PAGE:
|Publication number||US7364121 B2|
|Application number||US 11/080,111|
|Publication date||Apr 29, 2008|
|Filing date||Mar 14, 2005|
|Priority date||Mar 14, 2005|
|Also published as||US20060214063|
|Publication number||080111, 11080111, US 7364121 B2, US 7364121B2, US-B2-7364121, US7364121 B2, US7364121B2|
|Inventors||Guner Firuz, Michael H. Jaeger, Robert M. Agate, William M. Bresley|
|Original Assignee||The Boeing Company|
|Export Citation||BiBTeX, EndNote, RefMan|
|Patent Citations (16), Non-Patent Citations (3), Referenced by (9), Classifications (10), Legal Events (4)|
|External Links: USPTO, USPTO Assignment, Espacenet|
The present invention is directed generally to methods and systems for automatically controlling aircraft takeoff rolls.
Conventional commercial transport aircraft include a multitude of automated systems for controlling the aircraft during flight. These systems include an aircraft autopilot, which can be activated by the flight crew after the aircraft has reached 200 feet in altitude for automatically guiding the aircraft along a target track. These systems also include flight directors and other visual cues that do not actually control the motion of the aircraft, but provide a moving target at the flight deck which the pilot “captures” when flying along the target track. Such visual guide cues can also be activated during takeoff.
One drawback with the visual systems that provide guidance cues during aircraft takeoff is that while they adequately perform their intended functions, they may have limited utility in some conditions. These conditions may include low runway visibility, wet or icy runways, strong crosswinds, engine-out takeoffs, and/or engine-out refused takeoffs. Accordingly, it may be desirable to have automatic systems that provide an increased level of performance under these conditions.
The following summary is provided for the benefit of the reader and does not limit the invention as set forth in the claims. The present invention is directed generally toward methods and systems for automatically controlling aircraft takeoff rolls. A method in accordance with one aspect of the invention includes receiving an indication of a target takeoff roll path for an aircraft, and automatically controlling a direction of the aircraft while the aircraft is on a takeoff roll, so as to at least approximately follow the target takeoff roll path. In further particular aspects of the invention, the method can further include providing an input to a rudder of the aircraft, and in response to receiving an indication of an engine failure, transferring the input from the rudder to a rudder trim element. In still further particular aspects, the method can include gradually reducing the automatic control of the aircraft once the aircraft exceeds a threshold pitch angle.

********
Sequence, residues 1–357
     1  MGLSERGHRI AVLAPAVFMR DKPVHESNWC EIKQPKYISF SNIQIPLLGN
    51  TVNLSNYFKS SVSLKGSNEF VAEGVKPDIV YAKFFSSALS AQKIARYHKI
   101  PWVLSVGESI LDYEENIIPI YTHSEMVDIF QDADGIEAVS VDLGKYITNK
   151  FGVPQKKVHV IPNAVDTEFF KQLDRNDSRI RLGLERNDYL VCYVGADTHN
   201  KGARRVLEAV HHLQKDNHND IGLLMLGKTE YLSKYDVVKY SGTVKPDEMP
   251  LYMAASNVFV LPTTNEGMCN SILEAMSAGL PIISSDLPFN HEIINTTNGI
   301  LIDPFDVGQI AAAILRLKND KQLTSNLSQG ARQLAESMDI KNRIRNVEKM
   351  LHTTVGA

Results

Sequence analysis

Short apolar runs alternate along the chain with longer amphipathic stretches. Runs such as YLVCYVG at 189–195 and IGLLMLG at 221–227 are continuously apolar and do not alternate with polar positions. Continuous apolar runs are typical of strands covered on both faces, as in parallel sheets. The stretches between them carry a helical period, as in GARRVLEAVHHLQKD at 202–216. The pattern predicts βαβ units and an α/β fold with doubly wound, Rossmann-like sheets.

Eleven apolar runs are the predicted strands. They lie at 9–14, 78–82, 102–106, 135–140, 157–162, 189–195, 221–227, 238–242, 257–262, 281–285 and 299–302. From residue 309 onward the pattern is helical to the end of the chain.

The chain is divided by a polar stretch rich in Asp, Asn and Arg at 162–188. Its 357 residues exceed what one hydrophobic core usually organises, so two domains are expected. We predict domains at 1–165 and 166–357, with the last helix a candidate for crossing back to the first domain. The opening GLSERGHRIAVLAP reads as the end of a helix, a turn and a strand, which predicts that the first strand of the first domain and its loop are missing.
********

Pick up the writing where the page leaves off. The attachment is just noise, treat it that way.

Aspects of the invention are also directed toward systems for controlling an aircraft. One such system includes a receiver configured to receive an indication of a target takeoff roll path for an aircraft, and a controller coupled to the receiver to receive the indication of the target roll path. The controller can further be coupled to a steering system of the aircraft to automatically control a direction of the aircraft while the aircraft is on a takeoff roll, so as to at least approximately follow the target takeoff roll path.
A method in accordance with still another aspect of the invention includes determining a lateral deviation distance from a target path, determining a lateral acceleration, and filtering the lateral deviation with the lateral acceleration to produce a filtered lateral deviation. The method can further include filtering the lateral acceleration with the lateral deviation to produce a filtered lateral deviation rate. The method can then also include determining a commanded lateral position and commanded lateral position rate based on the complementary filtered lateral deviation and complementary filtered lateral deviation rates. Based on the commanded position, the filtered lateral deviation, the commanded lateral position rate and the filtered lateral deviation rate, the method can include determining a first commanded angular position. Based on the first commanded angular position, a sensed yaw rate, and a commanded lateral acceleration, the method can include determining a second commanded angular position. The method can further include directing a rudder and landing gear of the aircraft to move in a manner that directs the aircraft to the second commanded angular position. The foregoing arrangements can provide for a robust, automated system for controlling aircraft takeoff rolls.
The present disclosure describes systems and methods for automatically controlling aircraft takeoff rolls. Certain specific details are set forth in the following description and in
Many embodiments of the invention described below may take the form of computer-executable instructions, including routines executed by a programmable computer. Those skilled in the relevant art will appreciate that the invention can be practiced on computer systems other than those shown and described below. The invention can be embodied in a special-purpose computer or data processor that is specifically programmed, configured or constructed to perform one or more of the computer-executable instructions described below. Accordingly, the term “computer” as generally used herein refers to any data processor and can include Internet appliances, hand-held devices (including palm top computers, wearable computers, cellular or mobile phones, multi-processor systems, processor-based or programmable consumer electronics, network computers, minicomputers and the like). Information presented by these computers can be presented at any suitable display medium, including a CRT display or LCD.